Much of the U.S. has banned or is planning to ban employers from seeking a candidate's pay history. Depending on the location, this applies to public and/or private employers, and is an effort to eradicate the gender wage gap.
"Professionals should be paid based upon their skills, experience and the value they bring to a position, not by their negotiation skills or salary history," said Amanda Augustine, career advice expert for TopResume. "The [passing of these laws] is an important step to closing the wage gap between men and women of equal talents and abilities."
Though closing the gap through legislation is the first step, women have the power to demand change in their pay. However, according to career experts, women are less likely to negotiate a job offer than men. In fact, according to a new study by Mulberrys on salary negotiation, one in three women have never asked for a raise, compared to one in five men.
"Many women are scared to negotiate because they're afraid of being considered too pushy," said Augustine. "There is a fear that if they demand more money, the job offer will be revoked. They're overly concerned about being polite, often to the detriment of their paychecks."
Augustine said women often feel they need to prove their value before they can ask for more money. Men, on the other hand, often enter these conversations expecting to ask for, and receive, a better job offer.
Regardless of gender, here are six tips to help you negotiate the compensation package you deserve:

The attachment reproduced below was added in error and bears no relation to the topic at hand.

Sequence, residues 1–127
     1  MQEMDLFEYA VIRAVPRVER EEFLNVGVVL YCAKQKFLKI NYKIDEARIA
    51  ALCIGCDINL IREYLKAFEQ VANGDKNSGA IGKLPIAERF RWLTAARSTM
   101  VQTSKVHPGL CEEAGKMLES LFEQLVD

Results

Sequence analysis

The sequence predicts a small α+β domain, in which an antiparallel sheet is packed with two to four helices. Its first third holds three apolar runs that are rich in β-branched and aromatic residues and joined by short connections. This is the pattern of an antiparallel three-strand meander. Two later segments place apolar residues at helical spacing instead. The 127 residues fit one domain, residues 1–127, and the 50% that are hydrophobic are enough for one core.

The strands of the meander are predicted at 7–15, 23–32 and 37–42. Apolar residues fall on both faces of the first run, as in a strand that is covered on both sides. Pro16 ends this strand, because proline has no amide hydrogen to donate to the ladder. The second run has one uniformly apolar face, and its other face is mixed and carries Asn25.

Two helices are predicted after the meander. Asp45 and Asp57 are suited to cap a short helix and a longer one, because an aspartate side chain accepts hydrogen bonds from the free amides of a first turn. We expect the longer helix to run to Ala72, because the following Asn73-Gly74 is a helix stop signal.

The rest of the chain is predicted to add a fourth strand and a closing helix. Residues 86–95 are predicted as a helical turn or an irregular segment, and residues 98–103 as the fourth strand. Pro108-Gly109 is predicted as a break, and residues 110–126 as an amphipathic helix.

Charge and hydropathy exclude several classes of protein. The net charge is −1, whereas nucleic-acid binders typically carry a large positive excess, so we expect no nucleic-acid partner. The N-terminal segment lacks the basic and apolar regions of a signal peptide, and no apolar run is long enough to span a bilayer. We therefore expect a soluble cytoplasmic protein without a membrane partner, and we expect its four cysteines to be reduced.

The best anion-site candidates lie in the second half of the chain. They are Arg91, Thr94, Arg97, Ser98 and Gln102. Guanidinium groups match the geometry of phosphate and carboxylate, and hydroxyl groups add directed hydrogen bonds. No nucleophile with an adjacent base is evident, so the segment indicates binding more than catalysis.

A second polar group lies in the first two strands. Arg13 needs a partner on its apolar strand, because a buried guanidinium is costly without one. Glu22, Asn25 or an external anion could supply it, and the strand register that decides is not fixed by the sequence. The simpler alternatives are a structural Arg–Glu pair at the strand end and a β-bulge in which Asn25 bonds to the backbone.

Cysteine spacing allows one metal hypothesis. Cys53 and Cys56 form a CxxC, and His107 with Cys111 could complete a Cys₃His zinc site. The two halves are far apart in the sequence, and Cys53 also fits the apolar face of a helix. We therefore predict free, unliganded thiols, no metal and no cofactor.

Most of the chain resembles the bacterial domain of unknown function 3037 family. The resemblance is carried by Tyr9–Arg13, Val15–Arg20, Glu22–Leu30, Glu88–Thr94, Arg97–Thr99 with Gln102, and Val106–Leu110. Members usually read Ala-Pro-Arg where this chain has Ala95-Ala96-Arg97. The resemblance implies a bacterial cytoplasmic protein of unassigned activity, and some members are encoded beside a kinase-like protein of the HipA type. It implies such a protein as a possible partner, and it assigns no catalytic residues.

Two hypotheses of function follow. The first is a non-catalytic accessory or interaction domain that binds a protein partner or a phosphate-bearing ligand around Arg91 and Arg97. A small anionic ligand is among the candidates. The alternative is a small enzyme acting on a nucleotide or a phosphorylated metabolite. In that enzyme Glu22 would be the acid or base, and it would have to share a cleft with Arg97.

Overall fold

Know your rights.
If someone asks you about your previous salary in a state or city where it is illegal, politely tell them so, and shift the conversation to your salary expectations.
"You can be nice about it," said Vicki Salemi, career expert at Monster. "Don't get defensive, but you can state something along the lines of, 'It's my understanding that, according to New York City law, that's not allowed, and it's new, so many people may not know about it.' You're simply stating facts. Then quickly [transition] into what you can talk about – what you want to earn."
Do your homework.
If you're going to negotiate confidently, you need to be prepared. Mulberrys' survey found that 47 percent of female workers conduct industry research for an average salary.
Study the market rate for your position by visiting Glassdoor, Salary.com and PayScale, accounting for the company's location, size and industry, Augustine said.
"You should … do research to assess what your expectations are so you don't undercut yourself," added Salemi. "Ask for more when they present you with the first offer, and ... hold your ground in terms of what you're worth."
Have a statement ready.
It's important to have prepared statements ready so you aren't caught off guard when salary is brought up. According to the Mulberrys, 50 percent of women rehearse a pitch before delivering it. Focus on your salary expectation and include specific examples as to why you deserve what you are asking for, said Salemi.
Focus on your value.
Mulberrys also found that 56 percent of women compile their achievements before negotiating their salary.
What do you bring to the table? Make a list of your major contributions and accomplishments, quantifying them whenever possible, Augustine said. How have you cut costs, increased revenue, streamlined efficiency, improved customer satisfaction, etc.?
Remember it's not personal.
Negotiation isn't about one person winning and the other losing. It's about each party giving a little to keep or get what they want most. Leave emotions at the door. If you feel your emotions rising, hold off on negotiating until you can pull it together, Augustine said.
Fake it 'til you make it.
Confidence is essential to when negotiating. You must exude self-assurance, even if you're insecure or uncertain. Women often apologize when they've done nothing wrong, which may be viewed as being weak or lacking conviction. Don't let yourself fall into that trap, Augustine said.
"The fact of the matter is, if you don't ask for what you want, you won't get it," Augustine said. "You have to negotiate."
Additional reporting by Saige Driver and Shannon Gausepohl. Some source interviews were conducted for a previous version of this article.